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Comment 8 of 38, added on April 30th, 2007 at 5:37 PM.
I really love this poem, but they left out a bunch of important people!!
*cough* Dr. Samuel Prescott (I think that's his name) *cough* *cough*
Bob from United States
Comment 7 of 38, added on March 30th, 2006 at 3:23 PM.
I feel that this poem is a remarkable portrayal of Mr.Longfellow's feelings
and emotions during the time he went over the event. The passion he put
behind this poem is incredible and truly displays and helps the reader's
mind picture this happening. Paul Revere's ride was a truly inspiring
experience to all people and represents what I fell to be a struggle to
save loved ones, including a country.
Carrissa from United States
Comment 6 of 38, added on December 28th, 2005 at 1:34 PM.
I attended a teaching seminar last May that included an analysis of "Paul
Revere's Ride". The instructor of the seminar was of the opinion (I can't
find further evidence of this) that the poem may have been a reminder of
how much this country had suffered to become independent and a plea to keep
the country intact. It was written in 1860 and published in January 1861.
If you remember your US history, 1861 was the year that the Civil War
started. It has been and will continue to be one of my favorite poems.
Reread the poem and see what you think!
Rayna from United States
Comment 5 of 38, added on December 23rd, 2005 at 5:12 AM.
After a sleepless night, at 4 a.m. two days before Christmas, I've read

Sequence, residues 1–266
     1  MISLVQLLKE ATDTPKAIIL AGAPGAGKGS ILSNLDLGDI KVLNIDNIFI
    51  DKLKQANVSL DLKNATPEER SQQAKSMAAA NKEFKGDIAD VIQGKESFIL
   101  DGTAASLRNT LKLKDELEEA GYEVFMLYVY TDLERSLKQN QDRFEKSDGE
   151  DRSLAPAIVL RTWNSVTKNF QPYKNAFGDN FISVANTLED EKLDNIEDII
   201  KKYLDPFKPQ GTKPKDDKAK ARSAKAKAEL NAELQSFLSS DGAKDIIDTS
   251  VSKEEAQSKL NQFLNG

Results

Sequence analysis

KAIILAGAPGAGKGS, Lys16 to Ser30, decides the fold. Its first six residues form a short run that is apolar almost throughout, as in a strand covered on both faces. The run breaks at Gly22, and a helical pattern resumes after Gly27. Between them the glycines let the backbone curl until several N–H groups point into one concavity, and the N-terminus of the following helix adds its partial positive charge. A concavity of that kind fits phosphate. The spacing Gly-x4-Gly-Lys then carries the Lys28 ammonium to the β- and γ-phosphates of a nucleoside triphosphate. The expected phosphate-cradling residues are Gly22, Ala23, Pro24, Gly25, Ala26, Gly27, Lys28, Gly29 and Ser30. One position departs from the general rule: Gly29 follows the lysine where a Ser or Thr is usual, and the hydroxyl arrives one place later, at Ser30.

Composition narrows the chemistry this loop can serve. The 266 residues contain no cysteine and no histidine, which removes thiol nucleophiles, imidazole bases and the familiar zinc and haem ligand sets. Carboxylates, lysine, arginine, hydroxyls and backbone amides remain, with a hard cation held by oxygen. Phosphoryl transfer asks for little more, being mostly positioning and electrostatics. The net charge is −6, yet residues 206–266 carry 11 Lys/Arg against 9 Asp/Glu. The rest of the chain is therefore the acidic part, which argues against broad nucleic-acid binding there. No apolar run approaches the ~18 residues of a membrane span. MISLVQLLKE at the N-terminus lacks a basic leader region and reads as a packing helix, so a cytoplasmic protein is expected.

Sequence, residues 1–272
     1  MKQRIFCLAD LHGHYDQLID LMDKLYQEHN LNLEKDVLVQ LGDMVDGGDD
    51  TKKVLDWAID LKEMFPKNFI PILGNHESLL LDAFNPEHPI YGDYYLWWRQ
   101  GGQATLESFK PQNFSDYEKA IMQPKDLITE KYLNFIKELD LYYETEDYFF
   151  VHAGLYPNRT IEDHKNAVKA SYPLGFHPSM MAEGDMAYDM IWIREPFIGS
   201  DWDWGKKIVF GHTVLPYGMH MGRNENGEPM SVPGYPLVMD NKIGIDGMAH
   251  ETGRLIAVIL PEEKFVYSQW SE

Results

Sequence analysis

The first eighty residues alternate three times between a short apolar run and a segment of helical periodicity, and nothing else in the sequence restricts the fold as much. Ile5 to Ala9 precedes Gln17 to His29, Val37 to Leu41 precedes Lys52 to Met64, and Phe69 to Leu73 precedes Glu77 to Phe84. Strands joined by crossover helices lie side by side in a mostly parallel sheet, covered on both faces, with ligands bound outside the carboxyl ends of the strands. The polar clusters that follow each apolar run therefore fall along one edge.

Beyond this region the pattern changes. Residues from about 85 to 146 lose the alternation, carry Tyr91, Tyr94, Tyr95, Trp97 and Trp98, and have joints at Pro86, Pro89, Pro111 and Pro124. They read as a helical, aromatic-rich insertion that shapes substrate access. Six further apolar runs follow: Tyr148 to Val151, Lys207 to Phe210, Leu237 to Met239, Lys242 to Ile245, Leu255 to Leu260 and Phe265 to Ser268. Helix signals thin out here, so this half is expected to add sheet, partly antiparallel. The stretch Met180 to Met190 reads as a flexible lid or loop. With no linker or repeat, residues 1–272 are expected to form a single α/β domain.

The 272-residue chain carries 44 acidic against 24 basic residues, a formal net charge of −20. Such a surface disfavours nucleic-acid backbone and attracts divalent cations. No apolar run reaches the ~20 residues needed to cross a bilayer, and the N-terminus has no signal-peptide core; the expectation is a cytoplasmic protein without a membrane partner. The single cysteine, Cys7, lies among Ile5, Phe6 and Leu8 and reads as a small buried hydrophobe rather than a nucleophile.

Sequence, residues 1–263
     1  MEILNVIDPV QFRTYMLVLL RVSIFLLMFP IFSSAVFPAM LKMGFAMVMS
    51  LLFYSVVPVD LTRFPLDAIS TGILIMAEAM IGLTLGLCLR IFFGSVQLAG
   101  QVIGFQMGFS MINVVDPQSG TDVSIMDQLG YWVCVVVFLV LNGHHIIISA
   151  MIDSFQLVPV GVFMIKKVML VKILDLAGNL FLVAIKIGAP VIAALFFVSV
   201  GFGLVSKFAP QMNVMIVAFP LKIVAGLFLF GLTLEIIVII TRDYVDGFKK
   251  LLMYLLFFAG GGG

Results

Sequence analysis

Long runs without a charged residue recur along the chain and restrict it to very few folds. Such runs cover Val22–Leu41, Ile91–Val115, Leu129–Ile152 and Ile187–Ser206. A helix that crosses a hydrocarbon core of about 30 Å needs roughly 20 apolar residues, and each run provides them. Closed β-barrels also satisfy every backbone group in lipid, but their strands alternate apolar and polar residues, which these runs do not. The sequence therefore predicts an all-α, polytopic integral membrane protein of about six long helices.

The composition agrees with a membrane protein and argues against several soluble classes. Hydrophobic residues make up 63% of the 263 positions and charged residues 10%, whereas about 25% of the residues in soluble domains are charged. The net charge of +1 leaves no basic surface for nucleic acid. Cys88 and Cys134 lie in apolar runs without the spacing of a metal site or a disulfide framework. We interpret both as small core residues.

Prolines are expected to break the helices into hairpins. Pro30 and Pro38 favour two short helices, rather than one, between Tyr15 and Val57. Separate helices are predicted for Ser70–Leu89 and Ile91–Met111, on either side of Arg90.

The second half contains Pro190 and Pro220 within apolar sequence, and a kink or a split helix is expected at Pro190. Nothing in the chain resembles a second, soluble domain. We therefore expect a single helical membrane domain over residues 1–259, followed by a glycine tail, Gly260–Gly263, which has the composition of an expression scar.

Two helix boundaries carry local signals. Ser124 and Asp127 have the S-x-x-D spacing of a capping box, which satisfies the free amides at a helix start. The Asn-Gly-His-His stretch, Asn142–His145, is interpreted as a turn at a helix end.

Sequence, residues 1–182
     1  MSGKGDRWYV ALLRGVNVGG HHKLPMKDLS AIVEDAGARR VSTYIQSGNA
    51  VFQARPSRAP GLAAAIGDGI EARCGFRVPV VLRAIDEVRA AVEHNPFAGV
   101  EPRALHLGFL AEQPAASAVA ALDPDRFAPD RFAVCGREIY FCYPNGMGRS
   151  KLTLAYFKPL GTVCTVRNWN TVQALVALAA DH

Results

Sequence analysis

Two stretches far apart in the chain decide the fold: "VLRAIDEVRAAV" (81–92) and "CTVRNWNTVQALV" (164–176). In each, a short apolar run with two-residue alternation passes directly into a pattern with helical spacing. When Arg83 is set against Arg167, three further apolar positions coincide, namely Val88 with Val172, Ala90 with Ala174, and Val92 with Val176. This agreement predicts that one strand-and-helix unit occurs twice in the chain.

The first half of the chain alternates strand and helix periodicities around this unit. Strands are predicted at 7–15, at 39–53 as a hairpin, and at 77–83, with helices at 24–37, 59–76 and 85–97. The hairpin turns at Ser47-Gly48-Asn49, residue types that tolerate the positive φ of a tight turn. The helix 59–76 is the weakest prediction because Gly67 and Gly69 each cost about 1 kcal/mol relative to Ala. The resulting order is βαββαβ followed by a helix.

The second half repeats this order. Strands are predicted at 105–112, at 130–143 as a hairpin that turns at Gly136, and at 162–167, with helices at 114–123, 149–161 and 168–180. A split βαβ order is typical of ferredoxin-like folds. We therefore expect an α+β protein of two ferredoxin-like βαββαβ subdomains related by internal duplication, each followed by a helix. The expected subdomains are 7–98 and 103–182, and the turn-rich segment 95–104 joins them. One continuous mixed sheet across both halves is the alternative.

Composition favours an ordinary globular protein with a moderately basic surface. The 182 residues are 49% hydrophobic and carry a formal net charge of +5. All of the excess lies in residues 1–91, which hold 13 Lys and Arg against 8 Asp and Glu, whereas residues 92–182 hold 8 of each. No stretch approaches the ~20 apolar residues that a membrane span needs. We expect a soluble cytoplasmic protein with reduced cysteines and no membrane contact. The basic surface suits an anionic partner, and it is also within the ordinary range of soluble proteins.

again this poem from childhood. This time it brought blinding tears to my
eyes in thankfulness for those brilliant 18th century architects of our
wonderful country -- they had the foresight at that time of what it would
mean for generations of Americans if they were successful. If they had
failed, as rebels they knew they would surely be hung as traitors. I thank
them all for their courage. Thank you, Mr. Longfellow!
Sandy Fowler from United States
Comment 4 of 38, added on August 28th, 2005 at 7:41 PM.
For a marvelous description of Paul Revere, his compatriots, and the events
surrounding his midnight ride, read the book "Paul Revere's Ride" by David
Hackett Fischer. (ISBN 0-19-509831-5 in paperback)
Bill from United States
Comment 3 of 38, added on August 25th, 2005 at 1:41 PM.
This poem was one of my favorites from elementary school. I was required
to memorize the first few stanzas. In re-reading it again now after many
years, I still feel the same energy and spirit that I did when I first read
it as a child. I visited Boston a number of years ago and that experience,
too, gives me a better appreciation of this poem and it's telling of such
an historic time.
SuAnn from United States
Comment 2 of 38, added on August 4th, 2005 at 1:46 PM.
I have been to Boston recently, I visited the Old North Church, the statue
of Paul Revere, and Paul Revere's grave site. After that visit this poem
has new meaning to me, it is the most wonderful poem to me now!
Jenna from United States
Comment 1 of 38, added on June 23rd, 2005 at 8:24 PM.
We visited Boston recently and they told us on two tours that Paul Revere
had 16 children by 2 wives (Sarah and Rachel each having 8 children) The
tour guides told us that Paul Revere was not wealthy enough to have a horse
(too many children to raise) and he was walking or running for a while
until some locals gave him a horse.
The Longfellow poem may give another impression but in the interest of the
poem , it reads better to assume Paul had the horse the whole time.
Gail from United States
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